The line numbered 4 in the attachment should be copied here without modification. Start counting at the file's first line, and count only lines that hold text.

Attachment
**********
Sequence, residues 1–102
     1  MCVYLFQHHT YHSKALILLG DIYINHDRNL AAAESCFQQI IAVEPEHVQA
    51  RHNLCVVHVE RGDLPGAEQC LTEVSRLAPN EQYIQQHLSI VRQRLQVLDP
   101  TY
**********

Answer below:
   101  TY